When attention is paid to those outside the fold, progressives may sometimes give off a whiff of condescension. The cry of “elitism” is likely to become a strong component of the political and cultural interpretation of class in American society. It is already wielded as a weapon against progressives despite their concerns about poverty and inequality. Class is not only about economics; it is also about relationships–perceived and interpreted. Many progressives have not adequately grasped the importance of creating a consensus for their proposals.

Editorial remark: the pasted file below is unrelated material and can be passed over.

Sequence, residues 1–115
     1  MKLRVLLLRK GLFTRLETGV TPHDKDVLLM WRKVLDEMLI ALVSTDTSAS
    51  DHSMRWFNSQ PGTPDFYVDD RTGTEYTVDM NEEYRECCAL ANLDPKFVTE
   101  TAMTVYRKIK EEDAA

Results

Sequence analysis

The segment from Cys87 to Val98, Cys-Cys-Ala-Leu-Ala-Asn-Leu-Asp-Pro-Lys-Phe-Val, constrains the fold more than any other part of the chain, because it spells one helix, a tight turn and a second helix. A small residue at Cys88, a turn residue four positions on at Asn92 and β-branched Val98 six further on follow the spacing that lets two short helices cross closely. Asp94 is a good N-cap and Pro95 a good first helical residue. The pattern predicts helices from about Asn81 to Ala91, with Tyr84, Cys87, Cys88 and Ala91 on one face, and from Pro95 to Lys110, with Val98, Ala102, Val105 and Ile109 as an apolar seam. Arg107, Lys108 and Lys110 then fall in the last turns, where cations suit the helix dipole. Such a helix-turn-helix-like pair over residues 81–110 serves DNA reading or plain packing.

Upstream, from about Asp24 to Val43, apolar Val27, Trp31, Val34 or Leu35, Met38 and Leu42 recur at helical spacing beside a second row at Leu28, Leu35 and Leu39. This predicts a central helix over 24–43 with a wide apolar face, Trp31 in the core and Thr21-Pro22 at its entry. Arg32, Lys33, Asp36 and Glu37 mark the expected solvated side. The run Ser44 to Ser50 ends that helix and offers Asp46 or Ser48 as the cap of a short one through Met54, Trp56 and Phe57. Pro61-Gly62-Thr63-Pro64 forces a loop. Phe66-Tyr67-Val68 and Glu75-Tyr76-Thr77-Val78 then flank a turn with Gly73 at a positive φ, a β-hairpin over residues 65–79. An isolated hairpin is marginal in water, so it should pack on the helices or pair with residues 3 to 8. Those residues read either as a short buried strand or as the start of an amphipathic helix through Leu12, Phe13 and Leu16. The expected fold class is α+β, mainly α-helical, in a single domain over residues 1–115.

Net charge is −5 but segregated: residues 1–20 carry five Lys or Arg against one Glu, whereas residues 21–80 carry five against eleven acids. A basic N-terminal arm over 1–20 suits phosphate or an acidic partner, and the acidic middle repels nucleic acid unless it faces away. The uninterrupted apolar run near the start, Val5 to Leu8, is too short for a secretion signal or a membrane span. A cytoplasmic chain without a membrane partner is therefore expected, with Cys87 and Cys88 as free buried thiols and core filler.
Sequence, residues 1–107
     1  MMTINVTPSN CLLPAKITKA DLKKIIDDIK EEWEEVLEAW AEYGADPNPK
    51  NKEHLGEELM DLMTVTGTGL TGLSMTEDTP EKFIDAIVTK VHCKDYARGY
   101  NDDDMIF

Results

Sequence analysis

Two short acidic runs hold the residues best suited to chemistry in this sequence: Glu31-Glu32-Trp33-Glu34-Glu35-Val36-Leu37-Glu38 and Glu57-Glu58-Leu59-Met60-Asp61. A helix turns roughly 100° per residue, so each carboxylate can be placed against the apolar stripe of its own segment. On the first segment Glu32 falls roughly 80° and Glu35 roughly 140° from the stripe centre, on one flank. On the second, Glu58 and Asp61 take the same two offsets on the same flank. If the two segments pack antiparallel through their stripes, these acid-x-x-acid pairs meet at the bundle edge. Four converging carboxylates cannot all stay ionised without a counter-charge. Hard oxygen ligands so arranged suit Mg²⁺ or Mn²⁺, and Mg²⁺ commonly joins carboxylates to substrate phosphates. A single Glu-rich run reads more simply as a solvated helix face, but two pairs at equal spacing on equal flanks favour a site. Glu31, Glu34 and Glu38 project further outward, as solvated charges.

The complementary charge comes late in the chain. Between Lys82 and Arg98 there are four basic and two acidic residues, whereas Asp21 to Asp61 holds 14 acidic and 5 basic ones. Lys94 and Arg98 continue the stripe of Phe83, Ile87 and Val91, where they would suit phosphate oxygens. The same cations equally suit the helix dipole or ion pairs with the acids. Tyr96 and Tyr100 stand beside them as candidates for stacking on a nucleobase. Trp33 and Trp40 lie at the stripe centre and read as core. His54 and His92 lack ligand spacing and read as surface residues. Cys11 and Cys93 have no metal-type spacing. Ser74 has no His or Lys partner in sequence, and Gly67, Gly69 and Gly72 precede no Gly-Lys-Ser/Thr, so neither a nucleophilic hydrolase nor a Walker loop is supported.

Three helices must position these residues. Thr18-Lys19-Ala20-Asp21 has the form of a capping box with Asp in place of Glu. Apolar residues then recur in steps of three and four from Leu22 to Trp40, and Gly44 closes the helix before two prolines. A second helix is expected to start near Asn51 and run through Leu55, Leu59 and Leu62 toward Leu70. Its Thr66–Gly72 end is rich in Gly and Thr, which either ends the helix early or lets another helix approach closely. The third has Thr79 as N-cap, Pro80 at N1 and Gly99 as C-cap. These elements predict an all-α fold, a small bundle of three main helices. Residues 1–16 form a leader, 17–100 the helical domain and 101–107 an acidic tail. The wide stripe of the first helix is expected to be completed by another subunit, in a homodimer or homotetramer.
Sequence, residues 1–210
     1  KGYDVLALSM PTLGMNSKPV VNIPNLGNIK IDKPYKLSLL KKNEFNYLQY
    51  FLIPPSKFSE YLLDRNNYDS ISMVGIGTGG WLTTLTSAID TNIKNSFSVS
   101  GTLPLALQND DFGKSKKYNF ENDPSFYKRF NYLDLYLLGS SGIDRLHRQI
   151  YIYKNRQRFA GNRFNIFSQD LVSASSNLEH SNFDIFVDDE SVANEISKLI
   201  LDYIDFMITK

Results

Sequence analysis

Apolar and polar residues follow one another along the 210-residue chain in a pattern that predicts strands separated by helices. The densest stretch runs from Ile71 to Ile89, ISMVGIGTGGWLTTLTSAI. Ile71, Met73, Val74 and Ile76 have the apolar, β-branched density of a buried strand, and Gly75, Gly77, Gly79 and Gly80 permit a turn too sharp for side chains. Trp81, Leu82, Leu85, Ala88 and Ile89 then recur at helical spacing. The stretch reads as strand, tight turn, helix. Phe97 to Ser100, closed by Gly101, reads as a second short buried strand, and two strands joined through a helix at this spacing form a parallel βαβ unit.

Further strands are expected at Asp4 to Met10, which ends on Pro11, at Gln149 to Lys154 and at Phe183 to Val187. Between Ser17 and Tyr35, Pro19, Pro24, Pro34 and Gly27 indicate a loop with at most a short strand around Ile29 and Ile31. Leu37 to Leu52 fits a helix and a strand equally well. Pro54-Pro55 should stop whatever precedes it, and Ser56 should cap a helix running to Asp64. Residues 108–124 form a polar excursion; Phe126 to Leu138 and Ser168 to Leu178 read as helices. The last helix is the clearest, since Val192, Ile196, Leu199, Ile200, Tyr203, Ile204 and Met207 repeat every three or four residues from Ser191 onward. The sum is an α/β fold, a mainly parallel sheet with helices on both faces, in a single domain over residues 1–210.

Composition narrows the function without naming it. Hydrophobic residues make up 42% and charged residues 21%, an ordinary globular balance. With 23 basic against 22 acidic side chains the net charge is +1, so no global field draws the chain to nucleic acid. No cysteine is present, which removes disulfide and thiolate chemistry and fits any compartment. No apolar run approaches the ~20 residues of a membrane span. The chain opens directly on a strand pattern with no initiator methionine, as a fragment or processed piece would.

Progressives do not always practice these general steps in persuasion. Unfortunately, they like talking with like-minded souls, commiserating together on the sad state of the political world. Dirges are not aspirational. We cannot urge President Obama into a role of transformational leadership. We have to help him by building a transformational electorate.
S. M. Miller is a senior fellow at the Commonwealth Institute and professor emeritus of sociology at Boston University. He is a co-founder of United for a Fair Economy and past president of several sociological associations. His most recent (co-authored) book is Respect and Rights. He is working on a book on long-run progressive policies and politics.